By KATE DANIEL
Though they make up a significant portion of the populous, Island County’s veterans don’t always feel their voices are being heard when it comes to policies and issues affecting their community.
In February, vets from all walks of life and all areas of the county had a chance to hear from and speak directly with community and state leaders at a series of town hall-style community forums.
The series culminated Feb. 18 with a forum at the Oak Harbor VFW, attended by the Governors Veterans Affairs Advisory Committee representatives and several others, including representatives from the Island County Opportunity Council and Island County Veteran Services.
At this final forum, input from the preceding events was summarized and presented to the Governor’s Committee.
A panel of speakers presented on topics such as services available and prominent issues affecting the community. Vets themselves also had the chance to speak their minds and receive answers to questions.
Alfie Alvarado-Ramos, a U.S. Army veteran and director of the Washington State Department of Veterans Affairs, pointed out that over 35 percent of the state population is connected to the military in some way. This includes active duty service members, veterans, members of the National Guard and Reserves and those who are the children, spouses or surviving spouses of military personnel.
“Washington state is a military state, I don’t care what anybody says,” said Alvarado-Ramos, adding that one of every nine adults in Washington state is a veteran.
She listed four major issues the department is currently focusing on, concerns which were echoed by other community representatives as well as attendees later in the forum.
She first mentioned the importance of helping veterans make a successful transition out of the military and into the civilian community to decrease the prevalence of subsequent issues like veteran homelessness and unemployment.
Although she said, “we are making a dent” in the issue of veteran homelessness, increasingly high rents mean even those with steady employment are struggling to get by and support their families.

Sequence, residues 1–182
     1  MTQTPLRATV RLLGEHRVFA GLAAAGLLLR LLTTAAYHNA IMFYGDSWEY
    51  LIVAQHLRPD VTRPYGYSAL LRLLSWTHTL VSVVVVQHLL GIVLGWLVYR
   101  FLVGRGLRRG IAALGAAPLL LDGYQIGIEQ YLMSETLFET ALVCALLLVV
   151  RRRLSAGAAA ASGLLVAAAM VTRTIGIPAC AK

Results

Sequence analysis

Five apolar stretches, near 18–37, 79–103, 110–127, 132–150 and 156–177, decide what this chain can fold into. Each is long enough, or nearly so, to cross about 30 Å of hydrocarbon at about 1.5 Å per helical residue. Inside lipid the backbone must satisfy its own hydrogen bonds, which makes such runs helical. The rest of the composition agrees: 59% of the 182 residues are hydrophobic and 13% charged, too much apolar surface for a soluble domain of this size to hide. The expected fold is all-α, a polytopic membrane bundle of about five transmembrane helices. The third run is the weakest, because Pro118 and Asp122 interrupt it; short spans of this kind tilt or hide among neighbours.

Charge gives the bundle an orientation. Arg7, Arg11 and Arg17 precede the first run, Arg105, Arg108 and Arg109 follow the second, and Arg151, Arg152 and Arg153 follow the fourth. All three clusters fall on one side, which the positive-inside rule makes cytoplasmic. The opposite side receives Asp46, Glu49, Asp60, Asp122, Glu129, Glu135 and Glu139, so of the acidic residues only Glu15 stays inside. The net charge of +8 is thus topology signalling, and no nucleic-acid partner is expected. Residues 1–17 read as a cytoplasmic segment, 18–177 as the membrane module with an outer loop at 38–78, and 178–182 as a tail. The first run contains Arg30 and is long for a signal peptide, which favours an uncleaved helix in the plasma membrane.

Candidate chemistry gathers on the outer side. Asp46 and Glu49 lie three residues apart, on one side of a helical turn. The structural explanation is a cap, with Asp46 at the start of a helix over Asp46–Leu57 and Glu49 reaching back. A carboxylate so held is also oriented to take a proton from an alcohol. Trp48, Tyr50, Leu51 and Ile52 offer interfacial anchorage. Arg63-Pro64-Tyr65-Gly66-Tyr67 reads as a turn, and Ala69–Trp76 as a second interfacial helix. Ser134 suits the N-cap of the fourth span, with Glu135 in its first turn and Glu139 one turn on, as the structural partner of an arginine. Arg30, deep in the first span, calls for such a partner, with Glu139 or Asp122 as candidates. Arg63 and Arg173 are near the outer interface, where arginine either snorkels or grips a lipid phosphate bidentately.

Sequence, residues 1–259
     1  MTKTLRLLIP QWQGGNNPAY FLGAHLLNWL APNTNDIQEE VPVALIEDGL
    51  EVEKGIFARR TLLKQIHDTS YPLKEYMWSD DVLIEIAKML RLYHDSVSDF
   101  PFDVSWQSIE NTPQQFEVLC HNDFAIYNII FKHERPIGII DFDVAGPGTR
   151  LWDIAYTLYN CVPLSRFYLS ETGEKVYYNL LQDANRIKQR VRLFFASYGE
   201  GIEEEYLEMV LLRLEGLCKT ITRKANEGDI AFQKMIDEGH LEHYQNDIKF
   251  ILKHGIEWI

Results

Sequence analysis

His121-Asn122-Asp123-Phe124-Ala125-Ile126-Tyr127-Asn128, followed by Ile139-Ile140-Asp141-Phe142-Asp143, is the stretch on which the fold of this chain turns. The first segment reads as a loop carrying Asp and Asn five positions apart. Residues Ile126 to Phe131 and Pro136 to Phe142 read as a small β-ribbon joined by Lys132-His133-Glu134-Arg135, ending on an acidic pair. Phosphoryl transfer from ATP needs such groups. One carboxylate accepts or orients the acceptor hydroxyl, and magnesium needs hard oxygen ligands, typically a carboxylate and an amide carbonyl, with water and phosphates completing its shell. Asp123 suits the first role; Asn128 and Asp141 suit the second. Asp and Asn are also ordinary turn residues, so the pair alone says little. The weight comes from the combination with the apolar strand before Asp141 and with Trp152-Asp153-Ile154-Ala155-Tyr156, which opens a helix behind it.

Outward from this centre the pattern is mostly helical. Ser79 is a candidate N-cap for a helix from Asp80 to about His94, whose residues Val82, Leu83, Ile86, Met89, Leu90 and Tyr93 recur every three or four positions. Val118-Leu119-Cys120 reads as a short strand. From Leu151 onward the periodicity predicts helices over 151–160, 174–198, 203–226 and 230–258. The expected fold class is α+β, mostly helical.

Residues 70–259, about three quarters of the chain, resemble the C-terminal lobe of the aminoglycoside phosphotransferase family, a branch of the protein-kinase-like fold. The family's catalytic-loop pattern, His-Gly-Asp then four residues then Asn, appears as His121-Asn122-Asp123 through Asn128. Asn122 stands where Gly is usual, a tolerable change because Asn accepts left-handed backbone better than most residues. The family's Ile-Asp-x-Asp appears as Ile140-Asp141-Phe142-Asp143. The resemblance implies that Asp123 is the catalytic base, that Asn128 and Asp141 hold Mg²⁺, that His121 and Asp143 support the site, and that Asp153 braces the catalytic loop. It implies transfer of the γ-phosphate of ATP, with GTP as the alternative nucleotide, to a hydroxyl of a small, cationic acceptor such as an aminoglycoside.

Many vets have not been able to secure employment, she said, another major problem she and others are looking to address.
“It is critical for veterans to be able to have purpose, a mission. Employment is purpose,” she said.
YesVets, a pilot project developed by the Department of Veterans Affairs, aims to persuade employers to pledge to hire vets. Participating businesses who hire a veteran will be given a YesVets window decal to display.
She said the goal is to have about 9,000 veterans employed through the program within the year.
The number of incarcerated veterans, about 10 percent of those doing time, is a “significant issue” as well, she said.
Many of these vets are incarcerated because of a lapse of judgment, she noted, adding that appropriate treatment could have prevented many of these cases. For those incarcerated, efforts are being taken to assist them in leading productive, upstanding lives once released.
In addition, “veterans courts are critical” as an alternative to jail, she said, for those with underlying issues such as untreated mental illness. She also added that about 90 percent of incarcerated female veterans present military sexual trauma.
Bridgett Cantrell, a licensed mental health counselor and certified trauma specialist who contracts for the Washington State Department of Veteran’s Affairs and is CEO of Hearts Toward Home, spoke on the high rate of suicide among veterans and the profound impact of PTSD and other combat-related mental health concerns on vets, their families and communities.
Particularly in predominantly rural areas like Island County, Cantrell said there is a “dire need” for mental health care providers, especially those equipped to handle combat trauma.
The issue of adequate access to mental and physical health care was also a predominant issue brought up by several veterans following the panel presentations.
One attendee contended that the Veterans Choice Program has been an “epic failure” in Island County.
Others concurred, voicing additional grievances with the lack of providers in the vicinity willing to accept this insurance, lengthy waiting times for appointments and the difficulty of navigating the program in general.
Cantrell noted that she has had patients, some of whom she has treated for several years, taken “out from under me” because of the program’s failure.
“It’s a travesty and it has to be fixed,” she said.
Alvarado-Ramos vowed to ask lawmakers to consider more provider engagement and to advocate for more availability of providers in the Island County area.
She also noted that many bills supporting veterans were passed along to the governor during the most recent legislative session, a sign veterans are making a difference.
“We have incredible influence over what takes place in our community,” she said.